BENGALURU (REUTERS) – Who can save Bitcoin?
The world’s biggest cryptocurrency cannot seem to catch a break. It finally looked to be regaining strength this month, breaching US$25,000 for the first time since its June collapse, only to relapse towards US$20,000.
A deflating end to August has forced the market to confront the big Bitcoin question: Where will a real rally come from?
Right now, doughty retail investors are looking like the most likely source of relief as institutional players get cold feet in the midst of a macro maelstrom.
The amount of “illiquid Bitcoin” across the market – held by wallets that rarely spend or sell – has risen by 73,840 bitcoins over the past week, the largest weekly increase for more than two months, according to Chainalysis data. This equates to roughly US$1.7 billion (S$2.4 billion) at recent prices.
Furthermore, the amount of Bitcoin held for over a year has increased by 54,300 on average in the last four weeks, the largest rise in about four months, Chainalysis said. Meanwhile, cryptocurrency exchanges have seen net outflows for three straight months as investors pulled their tokens into “cold storage” rather than selling, according to Arcane Research.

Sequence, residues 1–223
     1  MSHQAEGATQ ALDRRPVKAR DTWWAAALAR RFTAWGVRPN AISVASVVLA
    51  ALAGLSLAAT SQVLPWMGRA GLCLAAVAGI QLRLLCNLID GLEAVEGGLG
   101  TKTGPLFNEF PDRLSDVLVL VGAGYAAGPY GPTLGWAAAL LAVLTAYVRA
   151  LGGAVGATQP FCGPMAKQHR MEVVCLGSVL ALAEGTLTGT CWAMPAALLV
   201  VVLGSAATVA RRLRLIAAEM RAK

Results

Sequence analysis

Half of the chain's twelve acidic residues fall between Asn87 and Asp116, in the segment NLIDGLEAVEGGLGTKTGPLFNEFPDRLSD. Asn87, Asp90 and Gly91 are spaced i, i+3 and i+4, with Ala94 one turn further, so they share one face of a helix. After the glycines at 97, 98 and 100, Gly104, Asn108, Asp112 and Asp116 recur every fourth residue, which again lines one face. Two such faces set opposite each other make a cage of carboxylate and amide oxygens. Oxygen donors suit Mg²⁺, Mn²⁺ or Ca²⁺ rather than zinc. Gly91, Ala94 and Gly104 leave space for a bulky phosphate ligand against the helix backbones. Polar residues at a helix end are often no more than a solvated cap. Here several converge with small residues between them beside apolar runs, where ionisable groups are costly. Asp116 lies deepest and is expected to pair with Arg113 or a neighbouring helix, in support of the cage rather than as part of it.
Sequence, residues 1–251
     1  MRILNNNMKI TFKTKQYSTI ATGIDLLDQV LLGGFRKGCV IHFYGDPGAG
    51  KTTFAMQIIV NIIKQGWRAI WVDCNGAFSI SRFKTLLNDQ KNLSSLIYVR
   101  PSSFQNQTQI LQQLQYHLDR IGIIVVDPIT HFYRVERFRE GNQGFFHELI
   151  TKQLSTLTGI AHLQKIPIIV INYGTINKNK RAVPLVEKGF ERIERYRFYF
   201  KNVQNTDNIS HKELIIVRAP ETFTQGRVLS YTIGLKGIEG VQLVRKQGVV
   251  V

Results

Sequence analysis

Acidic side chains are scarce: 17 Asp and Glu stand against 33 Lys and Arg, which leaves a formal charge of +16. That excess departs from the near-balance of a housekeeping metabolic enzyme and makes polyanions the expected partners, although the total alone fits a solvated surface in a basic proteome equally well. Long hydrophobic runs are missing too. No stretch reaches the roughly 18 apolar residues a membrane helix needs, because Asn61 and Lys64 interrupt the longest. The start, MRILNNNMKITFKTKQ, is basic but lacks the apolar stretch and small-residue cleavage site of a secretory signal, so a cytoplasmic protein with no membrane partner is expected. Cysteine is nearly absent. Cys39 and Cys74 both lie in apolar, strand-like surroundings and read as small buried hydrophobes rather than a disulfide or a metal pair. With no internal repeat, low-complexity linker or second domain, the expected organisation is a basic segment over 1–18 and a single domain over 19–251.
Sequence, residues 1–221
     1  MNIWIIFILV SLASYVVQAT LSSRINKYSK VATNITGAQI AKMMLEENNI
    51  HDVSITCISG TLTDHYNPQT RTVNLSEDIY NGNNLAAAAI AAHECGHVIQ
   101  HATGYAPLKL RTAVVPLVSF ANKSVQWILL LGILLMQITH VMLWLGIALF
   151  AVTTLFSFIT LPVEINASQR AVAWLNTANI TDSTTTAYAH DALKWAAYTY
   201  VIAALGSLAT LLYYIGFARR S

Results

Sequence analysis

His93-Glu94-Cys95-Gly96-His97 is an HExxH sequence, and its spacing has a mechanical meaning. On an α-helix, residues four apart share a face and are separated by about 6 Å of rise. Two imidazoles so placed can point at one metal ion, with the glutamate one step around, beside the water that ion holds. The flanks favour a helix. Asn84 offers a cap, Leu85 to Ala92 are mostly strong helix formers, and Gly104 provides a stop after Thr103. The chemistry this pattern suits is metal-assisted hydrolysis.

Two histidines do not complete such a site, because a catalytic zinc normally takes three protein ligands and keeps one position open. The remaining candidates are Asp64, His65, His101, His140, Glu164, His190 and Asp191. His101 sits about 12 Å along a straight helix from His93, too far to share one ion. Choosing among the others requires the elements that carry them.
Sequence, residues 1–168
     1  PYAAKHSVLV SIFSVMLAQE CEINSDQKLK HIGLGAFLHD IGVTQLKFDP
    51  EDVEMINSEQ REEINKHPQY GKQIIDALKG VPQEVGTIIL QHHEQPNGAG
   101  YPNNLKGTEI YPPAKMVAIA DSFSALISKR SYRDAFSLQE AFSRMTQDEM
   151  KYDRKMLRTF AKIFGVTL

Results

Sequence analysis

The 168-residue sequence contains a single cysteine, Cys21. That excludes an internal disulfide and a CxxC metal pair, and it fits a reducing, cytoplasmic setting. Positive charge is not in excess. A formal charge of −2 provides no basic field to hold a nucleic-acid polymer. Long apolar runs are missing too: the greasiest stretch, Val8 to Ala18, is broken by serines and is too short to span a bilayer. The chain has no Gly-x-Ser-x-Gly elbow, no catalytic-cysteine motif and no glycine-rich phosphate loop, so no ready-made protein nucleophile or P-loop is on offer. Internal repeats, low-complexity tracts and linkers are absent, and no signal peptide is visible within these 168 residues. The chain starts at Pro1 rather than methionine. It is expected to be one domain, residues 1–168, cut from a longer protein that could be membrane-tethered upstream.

“It is clear that longer-term holders at the retail level are also accumulating. The number of wallets holding relatively small amounts of Bitcoin is indeed growing,” said Mr Jay Fraser, head of strategy at BSTX securities exchange.
“Don’t underestimate the impact of the retail HODLers,” Mr Fraser added, referring to a cohort whose name emerged years ago from a trader misspelling “hold” on an online forum. “Their lack of selling helps to create more scarcity so that, eventually, a supply shock for Bitcoin will again play out.”
Institutions ‘drove market down’
So what about those deep-pocketed institutional players that jumped on the crypto bandwagon when prices were high?
They have been selling hard, according to some market participants who say these big investors have been the primary driver of the crypto slump over the recent months.
In the week to Aug 19 – the week that saw Bitcoin slide anew – the digital asset investment products favoured by traditional institutional finance players saw outflows of around US$9 million, according to Coinshares data.
“The latecomers – institutions that came in close to the highs or the US$30,000 to US$50,000 levels – they are the ones that drove the market down, mostly,” said Mr Ed Hindi, chief investment officer at Tyr Capital Partners.
Mr Hindi pointed to a steep discount between futures contract prices and the Bitcoin spot price on the CME exchange as further evidence of institutional bearishness.
The discount for the most traded contract hit an all-time low of 3.36 per cent last week, Arcane Research analysts said.